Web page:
“We can’t allow farmers to be divided among themselves, so we need an organisation that can pull together a position that all farmers can back,” he says.

“The motto the IFA has always had, of strength, unity, and delivery, that still rings true. We’re got to advocate harder, and get in earlier with pro-active positions on key policy issues.

“We can always do better, we need to show our members that we will lead. I’d like my term, if elected, to be judged on the organisation I leave behind me after four years. I do believe that every card-carrying member of IFA is entitled to equal representation.

“Certain sectors feel that they haven’t got that over the last 15 years or so, and I intend to rectify that.”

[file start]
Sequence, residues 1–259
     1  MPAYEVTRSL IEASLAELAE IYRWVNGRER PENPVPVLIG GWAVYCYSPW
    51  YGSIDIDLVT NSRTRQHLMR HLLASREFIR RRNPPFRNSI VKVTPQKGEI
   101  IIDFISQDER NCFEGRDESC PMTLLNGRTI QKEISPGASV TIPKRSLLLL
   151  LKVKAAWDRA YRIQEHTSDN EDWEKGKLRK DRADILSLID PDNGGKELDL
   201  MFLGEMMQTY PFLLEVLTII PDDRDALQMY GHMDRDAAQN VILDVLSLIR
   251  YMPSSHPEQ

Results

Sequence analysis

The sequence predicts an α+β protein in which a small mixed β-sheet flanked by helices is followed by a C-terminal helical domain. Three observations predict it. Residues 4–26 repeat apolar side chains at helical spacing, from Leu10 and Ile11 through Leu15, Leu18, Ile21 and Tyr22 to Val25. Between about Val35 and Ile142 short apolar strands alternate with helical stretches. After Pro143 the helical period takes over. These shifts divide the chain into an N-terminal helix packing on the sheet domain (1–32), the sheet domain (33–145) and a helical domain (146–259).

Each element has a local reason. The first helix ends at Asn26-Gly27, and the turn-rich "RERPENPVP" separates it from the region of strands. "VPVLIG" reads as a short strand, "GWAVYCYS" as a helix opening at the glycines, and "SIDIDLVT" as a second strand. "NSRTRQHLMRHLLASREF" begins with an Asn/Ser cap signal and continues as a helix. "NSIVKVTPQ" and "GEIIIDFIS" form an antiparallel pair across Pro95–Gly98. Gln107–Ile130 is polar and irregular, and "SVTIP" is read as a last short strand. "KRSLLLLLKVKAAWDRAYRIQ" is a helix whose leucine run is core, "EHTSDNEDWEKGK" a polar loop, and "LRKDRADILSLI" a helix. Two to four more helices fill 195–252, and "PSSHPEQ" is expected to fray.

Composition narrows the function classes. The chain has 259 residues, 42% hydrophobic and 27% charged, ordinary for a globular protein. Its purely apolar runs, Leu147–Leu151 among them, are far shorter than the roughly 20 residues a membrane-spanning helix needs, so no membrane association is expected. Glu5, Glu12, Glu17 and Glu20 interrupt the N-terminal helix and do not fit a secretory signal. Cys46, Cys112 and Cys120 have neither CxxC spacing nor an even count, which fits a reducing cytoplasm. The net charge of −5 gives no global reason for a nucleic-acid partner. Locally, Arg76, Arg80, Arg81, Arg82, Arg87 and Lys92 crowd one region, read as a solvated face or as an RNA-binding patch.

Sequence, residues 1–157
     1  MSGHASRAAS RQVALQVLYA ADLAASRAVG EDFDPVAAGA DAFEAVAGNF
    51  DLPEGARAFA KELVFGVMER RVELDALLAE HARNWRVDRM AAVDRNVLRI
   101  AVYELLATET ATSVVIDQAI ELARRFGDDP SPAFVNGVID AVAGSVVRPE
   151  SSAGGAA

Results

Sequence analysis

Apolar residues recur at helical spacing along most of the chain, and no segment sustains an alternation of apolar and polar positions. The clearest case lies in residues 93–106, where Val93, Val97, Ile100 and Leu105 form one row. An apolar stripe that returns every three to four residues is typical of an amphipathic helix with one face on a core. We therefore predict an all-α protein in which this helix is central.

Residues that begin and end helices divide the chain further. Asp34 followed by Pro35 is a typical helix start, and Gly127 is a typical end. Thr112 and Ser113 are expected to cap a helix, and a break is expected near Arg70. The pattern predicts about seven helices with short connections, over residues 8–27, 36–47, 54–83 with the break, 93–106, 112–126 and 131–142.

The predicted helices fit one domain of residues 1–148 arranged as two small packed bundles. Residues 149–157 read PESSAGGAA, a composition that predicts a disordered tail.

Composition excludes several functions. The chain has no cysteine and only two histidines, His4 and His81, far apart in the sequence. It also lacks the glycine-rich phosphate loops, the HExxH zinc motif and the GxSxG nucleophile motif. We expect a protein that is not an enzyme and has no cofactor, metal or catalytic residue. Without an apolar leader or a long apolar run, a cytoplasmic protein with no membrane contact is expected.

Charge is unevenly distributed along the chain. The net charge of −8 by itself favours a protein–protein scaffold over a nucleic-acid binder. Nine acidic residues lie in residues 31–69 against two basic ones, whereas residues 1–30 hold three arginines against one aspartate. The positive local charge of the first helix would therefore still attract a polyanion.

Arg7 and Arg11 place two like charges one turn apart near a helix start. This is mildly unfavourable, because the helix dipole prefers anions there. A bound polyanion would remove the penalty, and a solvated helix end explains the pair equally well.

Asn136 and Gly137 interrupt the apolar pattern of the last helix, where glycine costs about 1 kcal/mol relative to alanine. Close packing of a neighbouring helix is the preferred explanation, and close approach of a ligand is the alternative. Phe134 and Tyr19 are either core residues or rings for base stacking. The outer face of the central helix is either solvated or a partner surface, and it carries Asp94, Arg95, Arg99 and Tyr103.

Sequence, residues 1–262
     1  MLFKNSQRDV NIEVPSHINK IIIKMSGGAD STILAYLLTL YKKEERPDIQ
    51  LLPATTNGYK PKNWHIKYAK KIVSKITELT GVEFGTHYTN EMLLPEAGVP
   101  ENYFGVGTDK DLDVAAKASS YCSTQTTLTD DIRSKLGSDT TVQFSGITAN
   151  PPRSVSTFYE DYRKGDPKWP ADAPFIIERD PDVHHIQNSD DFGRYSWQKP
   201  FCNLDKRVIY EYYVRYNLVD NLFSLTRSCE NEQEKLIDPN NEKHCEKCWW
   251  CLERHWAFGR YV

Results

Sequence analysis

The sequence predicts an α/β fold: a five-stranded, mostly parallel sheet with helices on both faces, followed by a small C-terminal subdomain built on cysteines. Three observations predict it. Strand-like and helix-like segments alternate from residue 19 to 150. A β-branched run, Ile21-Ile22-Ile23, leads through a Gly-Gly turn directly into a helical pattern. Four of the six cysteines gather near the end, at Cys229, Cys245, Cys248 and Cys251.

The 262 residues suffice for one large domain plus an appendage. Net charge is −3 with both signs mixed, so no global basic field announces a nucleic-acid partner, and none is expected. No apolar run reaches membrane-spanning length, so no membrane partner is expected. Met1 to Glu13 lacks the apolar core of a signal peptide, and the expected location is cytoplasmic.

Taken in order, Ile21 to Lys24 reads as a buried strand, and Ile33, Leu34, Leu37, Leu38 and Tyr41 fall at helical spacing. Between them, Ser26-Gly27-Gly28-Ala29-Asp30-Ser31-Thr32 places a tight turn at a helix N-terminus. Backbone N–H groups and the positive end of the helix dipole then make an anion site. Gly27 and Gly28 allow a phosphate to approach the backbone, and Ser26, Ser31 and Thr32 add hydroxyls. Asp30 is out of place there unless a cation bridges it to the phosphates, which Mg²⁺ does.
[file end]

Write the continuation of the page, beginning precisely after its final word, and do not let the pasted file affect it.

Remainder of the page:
The one thing he’d do differently as president

“There’s a disconnect between the [IFA] committees and national council.

“While the president or the director general doesn’t need to be at every commodity meeting, if there’s a big issue that’s coming up, like the grain sector at the moment, I would be sitting down at the next grain committee meeting, listening to what people have to say, and coming to council with an agreed position that has the committee’s backing and my full support.

“We also need to bring more young people and women into positions of responsibility and let the next generation drive on the association.

“I’d also engage more with other farm organisations – when we rightly disengaged from the charter, we should have met the other farm organsations a lot sooner. Everybody ended up backing themselves into a corner on Kildare Street. Not where you want to be.

“We should be seeking to find the things we all agree on first, and maybe we need to be a little more generous in our space, as the senior organisation.”

Hobbies: Sport; hurling, football and rugby, in particular.

Favourite film: The Outlaw Josey Wales.

Barry’s or Lyons: Barry’s.